In a 182 year old theatre in the heart of Newcastle Upon Tyne, Les Misérables, the Broadway spectacular by Cameron Mackintosh fills the stage. Running from 15th August to the 5th October 2019 this is the first time I’ve had a chance to see Les Misérables in the North East so of course, I jumped at the opportunity.
I had booked tickets at the end of last year, a surprise gift for my Mum. We had tickets in the Grand Circle at the Theatre Royal with a great view.
A use of screen projection, lighting and acting bought the opening scene to life as the curtains raised. The classic ‘Look Down’ filling the theatre, a harsh mood was created as prisioners work tirelessly at the docks.
The audience is quickly taken through Jean Val Jean’s life as he escapes bail. We see him shunned, then steal from a priest-the turning point in questioning faith in humanity.
Before long we have met Fantine and learn of her daughter Cozette, their voices echoing throughout as they make promises to care for her in the poignant ‘Come To Me‘.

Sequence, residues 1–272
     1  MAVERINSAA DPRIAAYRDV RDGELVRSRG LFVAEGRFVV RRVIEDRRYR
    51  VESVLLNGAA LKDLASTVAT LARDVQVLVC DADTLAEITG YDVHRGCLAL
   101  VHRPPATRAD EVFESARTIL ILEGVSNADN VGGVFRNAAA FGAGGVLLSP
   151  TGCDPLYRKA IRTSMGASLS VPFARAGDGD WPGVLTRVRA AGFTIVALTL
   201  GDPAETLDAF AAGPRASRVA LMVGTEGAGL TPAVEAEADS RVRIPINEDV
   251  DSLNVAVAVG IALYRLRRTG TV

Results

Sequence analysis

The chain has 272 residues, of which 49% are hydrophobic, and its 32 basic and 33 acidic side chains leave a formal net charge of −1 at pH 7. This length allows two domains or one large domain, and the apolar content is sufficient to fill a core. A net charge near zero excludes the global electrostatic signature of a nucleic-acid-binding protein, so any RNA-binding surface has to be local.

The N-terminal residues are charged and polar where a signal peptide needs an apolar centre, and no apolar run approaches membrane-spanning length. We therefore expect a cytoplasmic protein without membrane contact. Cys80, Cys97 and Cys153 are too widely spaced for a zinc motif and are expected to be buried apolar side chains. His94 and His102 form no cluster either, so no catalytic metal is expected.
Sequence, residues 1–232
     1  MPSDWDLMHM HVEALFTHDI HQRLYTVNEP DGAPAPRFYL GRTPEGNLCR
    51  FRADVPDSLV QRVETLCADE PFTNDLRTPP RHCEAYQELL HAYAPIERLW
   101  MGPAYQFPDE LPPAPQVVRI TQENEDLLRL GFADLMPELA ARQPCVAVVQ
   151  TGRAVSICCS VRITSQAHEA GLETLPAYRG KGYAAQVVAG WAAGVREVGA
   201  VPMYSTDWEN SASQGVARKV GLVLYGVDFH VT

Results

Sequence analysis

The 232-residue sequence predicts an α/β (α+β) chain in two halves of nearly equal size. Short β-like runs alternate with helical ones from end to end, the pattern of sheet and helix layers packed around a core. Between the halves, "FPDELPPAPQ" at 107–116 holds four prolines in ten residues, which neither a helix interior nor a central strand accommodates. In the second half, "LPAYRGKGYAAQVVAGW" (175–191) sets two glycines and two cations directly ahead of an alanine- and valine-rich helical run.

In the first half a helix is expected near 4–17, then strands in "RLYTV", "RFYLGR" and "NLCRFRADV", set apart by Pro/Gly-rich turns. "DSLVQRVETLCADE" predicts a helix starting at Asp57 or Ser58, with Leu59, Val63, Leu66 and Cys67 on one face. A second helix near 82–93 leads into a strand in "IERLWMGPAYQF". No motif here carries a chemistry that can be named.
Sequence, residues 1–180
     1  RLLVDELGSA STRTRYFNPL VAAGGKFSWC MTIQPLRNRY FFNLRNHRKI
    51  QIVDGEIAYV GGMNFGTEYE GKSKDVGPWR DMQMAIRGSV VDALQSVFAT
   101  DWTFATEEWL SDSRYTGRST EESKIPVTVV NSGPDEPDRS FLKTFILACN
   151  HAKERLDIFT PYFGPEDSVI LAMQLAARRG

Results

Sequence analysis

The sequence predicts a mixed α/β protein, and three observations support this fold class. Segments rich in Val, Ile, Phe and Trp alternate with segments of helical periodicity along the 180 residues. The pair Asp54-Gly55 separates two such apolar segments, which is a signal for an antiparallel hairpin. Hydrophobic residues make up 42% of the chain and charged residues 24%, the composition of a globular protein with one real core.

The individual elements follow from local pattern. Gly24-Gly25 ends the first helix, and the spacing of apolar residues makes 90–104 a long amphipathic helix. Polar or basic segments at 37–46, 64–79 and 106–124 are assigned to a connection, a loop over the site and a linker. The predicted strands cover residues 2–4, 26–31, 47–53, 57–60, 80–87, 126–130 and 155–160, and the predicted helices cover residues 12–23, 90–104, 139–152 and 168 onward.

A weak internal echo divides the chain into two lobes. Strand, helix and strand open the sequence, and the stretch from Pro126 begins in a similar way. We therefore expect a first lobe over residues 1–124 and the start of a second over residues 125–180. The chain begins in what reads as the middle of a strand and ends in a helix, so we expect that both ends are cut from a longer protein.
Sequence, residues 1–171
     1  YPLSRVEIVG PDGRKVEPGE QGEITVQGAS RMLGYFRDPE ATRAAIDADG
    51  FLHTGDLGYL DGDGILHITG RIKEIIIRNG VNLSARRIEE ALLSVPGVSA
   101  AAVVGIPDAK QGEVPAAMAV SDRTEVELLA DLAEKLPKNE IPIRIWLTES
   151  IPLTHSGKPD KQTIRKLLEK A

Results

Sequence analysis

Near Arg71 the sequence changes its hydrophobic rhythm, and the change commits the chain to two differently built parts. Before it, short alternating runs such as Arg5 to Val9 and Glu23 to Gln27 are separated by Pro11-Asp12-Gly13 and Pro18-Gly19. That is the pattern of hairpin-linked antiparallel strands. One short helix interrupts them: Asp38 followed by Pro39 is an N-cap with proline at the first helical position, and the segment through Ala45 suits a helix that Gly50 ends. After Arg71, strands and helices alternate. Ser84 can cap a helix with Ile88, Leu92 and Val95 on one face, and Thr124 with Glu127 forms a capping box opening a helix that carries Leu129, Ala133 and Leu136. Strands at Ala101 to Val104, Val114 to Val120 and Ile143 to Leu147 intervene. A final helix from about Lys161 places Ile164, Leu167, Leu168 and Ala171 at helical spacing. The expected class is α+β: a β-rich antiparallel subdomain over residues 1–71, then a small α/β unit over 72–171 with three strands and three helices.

The cast is strong. Effortless in song and incredibly believable. We believe their love, heartache and promise for a better tomorrow.
The pub landlord scene a welcome lighthearted amusement, ‘Master Of The House’ truly one of the most catchy songs of the ensemble score.
Cozette and Gavroche are remarkable in both their acting and singing abilities and truly stand out in their performances throughout.
Regarding accessibility at the Newcastle Theatre Royal, there is disabled access to the buliding and a lift to all floors. The lift however was overwhelmed on the day of our performance, which led to a slight delay in the performance start time (the staff did ensure that all ticket holders made it to their seats first). There are specific wheelchair spaces which can be booked for performances also the staff are aware that some wheelchair users transfer to theatre seats and in this case store your wheelchair during the performance, bringing it back to you when needed. Find more on Acessibility at Newcastle Theatre Royal here.
If you enjoyed this review you might like this post of ‘What the ladybird heard?’!